Use Proper Heading Form
Although in soccer, head injury is most often the result of a player colliding with another player or being hit in the head with a ball, proper heading form will prevent some injuries to the head and neck. When heading contract the neck muscles to hold head in fixed alignment with the torso. US Youth Soccer recommends waiting to teach heading until a player is old enough to understand the lesson and has the necessary strength to do it right, usually about 10 years old. There is now a rule that players in 11U and below may NO LONGER head in a game – doing so will result in a foul.

Fair Play
Soccer is a contact sport, and as such, players are vulnerable to injury from rough or overly aggressive play. Adherence to fair play standards enforced by referees helps reduce contact related injuries.

Let Previous Injuries Heal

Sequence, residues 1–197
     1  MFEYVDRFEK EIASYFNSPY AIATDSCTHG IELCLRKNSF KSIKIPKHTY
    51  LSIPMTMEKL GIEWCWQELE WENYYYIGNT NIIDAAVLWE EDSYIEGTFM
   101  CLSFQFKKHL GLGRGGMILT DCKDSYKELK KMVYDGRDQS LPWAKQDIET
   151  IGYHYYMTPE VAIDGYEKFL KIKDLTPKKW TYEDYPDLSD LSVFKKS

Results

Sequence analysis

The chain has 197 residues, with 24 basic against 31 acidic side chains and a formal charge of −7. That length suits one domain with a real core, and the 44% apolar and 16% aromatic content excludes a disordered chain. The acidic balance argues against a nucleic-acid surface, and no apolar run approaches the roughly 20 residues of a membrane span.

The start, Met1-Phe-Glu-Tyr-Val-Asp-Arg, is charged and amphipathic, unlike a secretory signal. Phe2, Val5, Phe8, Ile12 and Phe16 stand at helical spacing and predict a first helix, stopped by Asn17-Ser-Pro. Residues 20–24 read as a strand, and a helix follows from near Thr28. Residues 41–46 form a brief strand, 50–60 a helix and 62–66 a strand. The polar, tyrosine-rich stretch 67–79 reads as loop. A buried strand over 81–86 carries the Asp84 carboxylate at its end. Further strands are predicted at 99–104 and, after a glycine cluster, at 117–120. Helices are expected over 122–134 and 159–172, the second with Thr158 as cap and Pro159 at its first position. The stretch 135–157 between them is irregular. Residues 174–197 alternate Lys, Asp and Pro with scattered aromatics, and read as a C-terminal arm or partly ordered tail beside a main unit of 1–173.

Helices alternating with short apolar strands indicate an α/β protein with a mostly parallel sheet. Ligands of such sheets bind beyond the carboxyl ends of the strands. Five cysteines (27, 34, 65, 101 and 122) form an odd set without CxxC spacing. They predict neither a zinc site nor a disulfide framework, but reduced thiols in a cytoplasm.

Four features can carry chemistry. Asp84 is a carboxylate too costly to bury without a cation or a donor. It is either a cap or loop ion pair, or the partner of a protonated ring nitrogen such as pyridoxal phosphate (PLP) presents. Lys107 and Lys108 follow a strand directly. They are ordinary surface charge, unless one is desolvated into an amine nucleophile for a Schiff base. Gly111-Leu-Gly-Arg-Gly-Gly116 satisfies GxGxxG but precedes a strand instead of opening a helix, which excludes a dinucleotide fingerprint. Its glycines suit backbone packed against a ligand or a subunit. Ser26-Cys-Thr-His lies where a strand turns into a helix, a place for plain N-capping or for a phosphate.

Re-injury is more likely to occur when a player gets back into a game or practice situation too soon. This is particular dangerous when you’re dealing with a head injury. Sustaining a second concussion after the first is fully healed can lead to brain swelling. Committed young athletes are eager to play. Sitting on the sidelines waiting for an injury to heal is the last thing they want to do. For their own safety, make them sit out until they’re fully ready and released to play.

Injury Treatment Tips

If an injury does occur, the following procedures will help with recovery.

As soon as possible after an injury you can relieve pain and swelling and promote healing and flexibility with RICE-Rest, Ice, Compression, and Elevation.

  • Rest. Rest and protect the injured or sore area. Stop, change, or take a break from any activity that may be causing your pain or soreness.